Sport Football Mark Schwarzer announces Socceroos retirement

Mark Schwarzer announces Socceroos retirement

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Socceroos goalkeeper Mark Schwarzer has announced his retirement from international football.

The 41-year-old notified Football Federation Australia (FFA) of his decision on Wednesday morning, just hours before new coach Ange Postecoglou was due to name his first Socceroos squad for this month’s friendly against Costa Rica.

Schwarzer is Australia’s most-capped player with 109 appearances for the Socceroos since his debut in 1993.

His retirement further opens the door to a bunch of talented goalkeepers vying to make the squad for next year’s World Cup in Brazil, including Mitch Langerak, Eugene Galekovic and youngster Mathew Ryan.

The 2014 showpiece was expected to be Schwarzer’s third and final World Cup campaign, having represented Australia in the 2006 and 2010 editions.

But Schwarzer’s recent move from being Fulham’s first-choice gloveman to powerhouse Chelsea, where he has been playing back-up to the established Petr Cech, raised questions as to whether he would be able to hold onto his starting role in the team.

Schwarzer was on the end of Australia’s 6-0 drubbing by Brazil in his last match for the national team in September.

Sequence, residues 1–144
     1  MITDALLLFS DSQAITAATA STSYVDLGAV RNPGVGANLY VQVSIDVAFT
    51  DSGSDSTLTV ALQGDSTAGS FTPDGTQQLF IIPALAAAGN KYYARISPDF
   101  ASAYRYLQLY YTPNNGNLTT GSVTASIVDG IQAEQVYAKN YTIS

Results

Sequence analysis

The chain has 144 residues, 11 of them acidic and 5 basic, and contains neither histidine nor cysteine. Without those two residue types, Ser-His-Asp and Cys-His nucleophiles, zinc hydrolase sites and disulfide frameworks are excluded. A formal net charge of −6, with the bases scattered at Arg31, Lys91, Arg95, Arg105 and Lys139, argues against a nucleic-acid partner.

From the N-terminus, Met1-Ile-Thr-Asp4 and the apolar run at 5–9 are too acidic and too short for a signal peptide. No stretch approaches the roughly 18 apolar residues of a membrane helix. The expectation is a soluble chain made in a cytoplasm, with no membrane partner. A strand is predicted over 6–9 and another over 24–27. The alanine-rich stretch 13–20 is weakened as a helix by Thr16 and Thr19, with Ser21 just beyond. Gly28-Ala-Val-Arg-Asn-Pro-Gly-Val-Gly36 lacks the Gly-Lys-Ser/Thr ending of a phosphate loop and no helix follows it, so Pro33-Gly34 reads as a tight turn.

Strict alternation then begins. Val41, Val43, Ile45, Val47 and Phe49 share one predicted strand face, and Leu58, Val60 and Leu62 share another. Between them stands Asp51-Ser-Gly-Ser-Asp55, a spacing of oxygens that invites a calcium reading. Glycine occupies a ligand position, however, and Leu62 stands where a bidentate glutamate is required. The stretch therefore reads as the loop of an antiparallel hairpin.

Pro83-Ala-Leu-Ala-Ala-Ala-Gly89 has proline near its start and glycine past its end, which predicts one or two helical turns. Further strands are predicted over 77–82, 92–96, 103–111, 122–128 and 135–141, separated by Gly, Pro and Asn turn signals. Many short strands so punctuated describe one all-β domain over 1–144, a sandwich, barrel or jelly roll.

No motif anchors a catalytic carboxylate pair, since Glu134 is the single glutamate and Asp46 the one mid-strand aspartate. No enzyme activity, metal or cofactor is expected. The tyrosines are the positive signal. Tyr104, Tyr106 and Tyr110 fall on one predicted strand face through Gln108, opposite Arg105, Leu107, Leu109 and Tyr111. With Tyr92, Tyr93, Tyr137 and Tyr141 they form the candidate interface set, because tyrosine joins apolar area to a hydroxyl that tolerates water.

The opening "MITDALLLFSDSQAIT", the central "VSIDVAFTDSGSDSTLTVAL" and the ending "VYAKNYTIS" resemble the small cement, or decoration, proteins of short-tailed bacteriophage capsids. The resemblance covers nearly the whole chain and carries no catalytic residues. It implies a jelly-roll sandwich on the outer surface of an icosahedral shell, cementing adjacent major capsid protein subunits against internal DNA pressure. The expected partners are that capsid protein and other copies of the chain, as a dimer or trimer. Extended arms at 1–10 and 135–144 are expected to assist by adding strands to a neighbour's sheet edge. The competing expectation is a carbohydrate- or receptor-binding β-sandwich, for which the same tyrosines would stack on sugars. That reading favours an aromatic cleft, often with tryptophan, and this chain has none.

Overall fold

However he has managed to keep two clean sheets in as many matches for Chelsea in the League Cup.

Socceroos team-mate Tim Cahill hailed Schwarzer as one of the country’s greatest footballers.


Cahill said he was shocked to learn of Schwarzer’s decision.

“It’s incredible. I feel it’s a massive surprise from someone that I’ve looked up to my whole career,” Cahill told Fox Sports News from New York.

“He’s one of the greatest ambassadors to ever play the game, but most importantly a true gentlemen on and off the park.

“It’s a truly shocking night here in New York for me.”

Asked whether he thought 41-year-old Schwarzer had called time on his international career too soon, Cahill said it was difficult to say.

“He’s called it a day and players make up their own mind. Whether it’s the right time, no-one knows,” he said.

“But the best thing is he’s all class, the way he’s done it is exceptional.

“I feel Schwarzer’s seen the talent and he’s probably thought `You know what, the kids are ready and he stepped aside.

“It shows the true mark of a man that he can do what he’s done today, hang up his boots or gloves from playing internationally.”

While John Aloisi’s penalty sent Australia to the 2006 World Cup, and instantly entered folklore, he wouldn’t have got the chance without Schwarzer blocking two Uruguay penalties.

“We owe him a lot,” Aloisi said.

“I was feeling a little bit nervous before that last penalty that he saved. And once he saved it, the confidence came back.

“All I needed to do was put it in the back of the net, and thanks to Schwarzy, I was able to do that.”